Penguins feel like winners after opening loss
YOUNGSTOWN — The Youngstown State football team’s record is officially 0-1, but in a lot of ways, the Penguins feel more like 1-0.
YSU lost its season opener, 25-7, to No. 1-ranked North Dakota State on Sunday, but aside from competing with the defending national champion for the better part of four quarters, the Penguins were happy just to play a game after a 15-month layoff.
“No one ever wants to lose a game, obviously,” YSU junior tight end Josh Burgett said. “No one goes into a game wanting to lose, but we’ve got to look at the positives. We’re a really young team, we’ve got a brand new coaching staff, and what I saw in that game is that we didn’t give up, we kept fighting.
“We stuck together. That was really big. That’s a lot of progress that I wanted to see, that the coaching staff wanted to see. Everybody kept fighting and stuck together. There was no finger pointing or anything like that.”
Losing was disappointing, but simply playing the game of football was liberating — and a confidence booster — for the Penguins.
YSU trailed 18-7 late in the second half and had the ball with a chance to potentially make it a three-point game. While that didn’t happen, and the Bison eventually scored a game-sealing touchdown, the Penguins showed the resilience to fight back against a program that has won eight of the last nine FCS championships.
Of equal importance was the experience of playing together. Four of the five starting offensive linemen had never played a down of college football prior to Sunday. In fact, the majority of YSU’s team is vastly different from the last time it took the field in November of 2019. Throw in an entirely new coaching, and the Penguins were almost completely overhauled.
That’s why first year-coach Doug Phillips was pleased to see so much poise from the players.
“The thing I loved was at halftime our kids believed,” Phillips said. “We’re down 11-0, and we said the whole time that we’ve got to take their best punch, and we can’t back down. Going into halftime in the locker room, our kids were standing up and our kids were excited, saying, ‘Coach, we took their best punch. We’re not backing down. We’re going out to play a second half with a chance to win the football game.’ ”
Things don’t get much easier for YSU. They rarely do in the Missouri Valley Football Conference.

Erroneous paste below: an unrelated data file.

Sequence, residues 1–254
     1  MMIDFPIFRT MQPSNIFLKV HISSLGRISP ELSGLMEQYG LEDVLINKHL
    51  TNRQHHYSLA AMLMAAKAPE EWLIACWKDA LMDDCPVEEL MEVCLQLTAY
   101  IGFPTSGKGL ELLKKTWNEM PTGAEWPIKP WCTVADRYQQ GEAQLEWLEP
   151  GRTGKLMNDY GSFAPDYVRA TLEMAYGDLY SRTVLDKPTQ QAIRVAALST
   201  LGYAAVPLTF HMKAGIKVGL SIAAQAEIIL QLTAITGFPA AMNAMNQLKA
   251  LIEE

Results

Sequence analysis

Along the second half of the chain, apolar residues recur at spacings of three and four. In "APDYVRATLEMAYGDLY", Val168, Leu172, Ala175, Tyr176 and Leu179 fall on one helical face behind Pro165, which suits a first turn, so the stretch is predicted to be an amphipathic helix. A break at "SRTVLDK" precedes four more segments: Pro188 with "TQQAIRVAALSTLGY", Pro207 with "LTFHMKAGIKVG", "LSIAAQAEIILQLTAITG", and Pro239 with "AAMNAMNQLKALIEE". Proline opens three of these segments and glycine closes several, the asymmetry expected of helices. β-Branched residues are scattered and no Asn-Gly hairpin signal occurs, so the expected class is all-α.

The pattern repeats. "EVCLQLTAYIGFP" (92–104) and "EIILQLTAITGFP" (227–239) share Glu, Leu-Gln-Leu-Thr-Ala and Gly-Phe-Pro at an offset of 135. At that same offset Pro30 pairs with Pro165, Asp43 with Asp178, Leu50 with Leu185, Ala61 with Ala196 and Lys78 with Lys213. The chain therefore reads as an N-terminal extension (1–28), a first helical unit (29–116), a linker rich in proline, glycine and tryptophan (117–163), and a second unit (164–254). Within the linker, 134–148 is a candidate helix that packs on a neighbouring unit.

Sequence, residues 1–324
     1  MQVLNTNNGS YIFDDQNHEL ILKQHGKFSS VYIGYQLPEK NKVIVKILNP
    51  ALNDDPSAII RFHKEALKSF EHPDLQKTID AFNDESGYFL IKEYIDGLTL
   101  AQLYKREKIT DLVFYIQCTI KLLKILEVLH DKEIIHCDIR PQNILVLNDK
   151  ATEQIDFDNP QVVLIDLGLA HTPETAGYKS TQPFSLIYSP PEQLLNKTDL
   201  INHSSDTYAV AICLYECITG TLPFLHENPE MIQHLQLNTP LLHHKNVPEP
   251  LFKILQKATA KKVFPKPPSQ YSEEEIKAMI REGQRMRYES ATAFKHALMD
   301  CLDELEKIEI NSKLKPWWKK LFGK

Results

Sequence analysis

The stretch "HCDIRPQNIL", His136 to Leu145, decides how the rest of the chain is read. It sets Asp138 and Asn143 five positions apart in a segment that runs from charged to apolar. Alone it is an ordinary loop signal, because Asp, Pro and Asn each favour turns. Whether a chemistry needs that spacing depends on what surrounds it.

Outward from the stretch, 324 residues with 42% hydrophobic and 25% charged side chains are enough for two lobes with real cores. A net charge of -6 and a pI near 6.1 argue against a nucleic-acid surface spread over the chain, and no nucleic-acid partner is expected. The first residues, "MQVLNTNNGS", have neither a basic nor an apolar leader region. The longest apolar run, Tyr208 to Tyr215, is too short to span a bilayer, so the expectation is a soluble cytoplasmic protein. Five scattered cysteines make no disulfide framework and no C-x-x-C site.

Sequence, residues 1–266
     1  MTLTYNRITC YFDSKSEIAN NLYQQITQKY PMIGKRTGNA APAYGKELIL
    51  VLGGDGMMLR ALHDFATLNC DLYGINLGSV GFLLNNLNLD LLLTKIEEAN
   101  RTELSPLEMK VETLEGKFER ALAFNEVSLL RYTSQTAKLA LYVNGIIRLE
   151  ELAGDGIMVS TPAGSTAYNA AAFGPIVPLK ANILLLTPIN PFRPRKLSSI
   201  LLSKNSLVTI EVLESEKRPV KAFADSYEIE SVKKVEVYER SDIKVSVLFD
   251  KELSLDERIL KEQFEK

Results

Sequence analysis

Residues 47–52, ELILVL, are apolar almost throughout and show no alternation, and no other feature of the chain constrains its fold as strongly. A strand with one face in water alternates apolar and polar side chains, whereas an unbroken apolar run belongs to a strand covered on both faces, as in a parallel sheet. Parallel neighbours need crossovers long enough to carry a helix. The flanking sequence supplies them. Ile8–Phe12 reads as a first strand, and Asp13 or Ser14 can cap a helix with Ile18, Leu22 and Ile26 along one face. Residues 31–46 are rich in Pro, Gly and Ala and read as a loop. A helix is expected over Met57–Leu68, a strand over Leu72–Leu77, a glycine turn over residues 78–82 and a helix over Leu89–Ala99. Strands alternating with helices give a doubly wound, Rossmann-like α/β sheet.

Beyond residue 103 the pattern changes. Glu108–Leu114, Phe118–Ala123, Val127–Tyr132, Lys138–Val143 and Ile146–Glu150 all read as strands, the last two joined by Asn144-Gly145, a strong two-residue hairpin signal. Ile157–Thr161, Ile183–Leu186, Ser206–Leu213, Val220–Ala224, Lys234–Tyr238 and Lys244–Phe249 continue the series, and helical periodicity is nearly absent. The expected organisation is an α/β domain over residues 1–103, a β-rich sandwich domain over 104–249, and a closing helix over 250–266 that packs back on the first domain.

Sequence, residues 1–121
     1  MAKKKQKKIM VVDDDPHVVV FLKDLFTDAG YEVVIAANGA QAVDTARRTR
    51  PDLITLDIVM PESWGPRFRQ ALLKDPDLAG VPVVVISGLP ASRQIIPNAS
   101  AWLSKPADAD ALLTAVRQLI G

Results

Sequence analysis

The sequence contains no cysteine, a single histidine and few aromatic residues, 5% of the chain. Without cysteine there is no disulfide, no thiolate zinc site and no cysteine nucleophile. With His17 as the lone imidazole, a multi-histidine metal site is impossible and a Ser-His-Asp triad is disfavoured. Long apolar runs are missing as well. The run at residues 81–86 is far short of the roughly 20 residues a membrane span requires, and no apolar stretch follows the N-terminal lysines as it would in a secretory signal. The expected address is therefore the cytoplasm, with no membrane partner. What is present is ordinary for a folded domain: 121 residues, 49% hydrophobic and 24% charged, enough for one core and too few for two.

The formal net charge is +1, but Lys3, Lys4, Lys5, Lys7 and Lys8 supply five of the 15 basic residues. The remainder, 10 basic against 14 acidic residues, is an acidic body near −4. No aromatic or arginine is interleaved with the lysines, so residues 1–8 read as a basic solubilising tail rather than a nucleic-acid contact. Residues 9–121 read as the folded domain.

The Penguins welcome an angry fifth-ranked Northern Iowa team to Stambaugh Stadium for a noon kickoff Saturday. The Panthers suffered a 24-20 loss to No. 3 South Dakota State in the final 20 seconds of the game. UNI boasts the conference’s top quarterback in Will McElvain, who was named first-team all-MVFC in the preseason. He’s a dual-threat QB who can demoralize a defense by extending a broken play and turning it into a big one. He has several playmakers around him as well, including one of the league’s top receivers in Isaiah Weston.
The defense returns nine starters (three first-team, all-conference players). The Panthers also possess one of the league’s top place kickers in Matthew Cook. It’s one the MVFC’s — and the country’s — most well-rounded teams. Competing starts with keeping McElvain under control.
“We’ve got our hands full,” Phillips said. “We’re not going to back down. We’re going to prepare our kids the best we can to defend that type of quarterback. It’s a lot different than what we went against at North Dakota State, so we’ve got a huge challenge on a short week. But again, we’re not going to make excuses. We’ve got to make sure we’re lined up, that we’re fundamentally sound and that we can tackle him and keep him contained to eliminate him making the big plays.”
YSU could use a few big plays of its own.
While the defense hung tough against NDSU, the offense struggled, rushing for 51 yards and passing for 120. The lone score came when YSU quarterback Mark Waid extended a play and found fellow Mahoning Valley native Jake Coates for a 7-yard TD pass. Phillips said he’ll continue to use both Waid and junior QB Joe Craycraft for the foreseeable future.
“I know everyone always wants to say, ‘Hey, when is there every going to be a starter?’ ” Phillips said. “I truly believe in a year that we’re playing a (spring) season, in a year where you have COVID and you don’t know who’s at practice and who’s going to be in the game, what receivers you have and who you have on the o-line, it’s hard to truly give those guys an evaluation because that line up can change daily and it does change daily. … There will be a time and a place where we’re going to have to make that decision, but right now I don’t think it’s fair to either of them. It’s based on the momentum of the game.”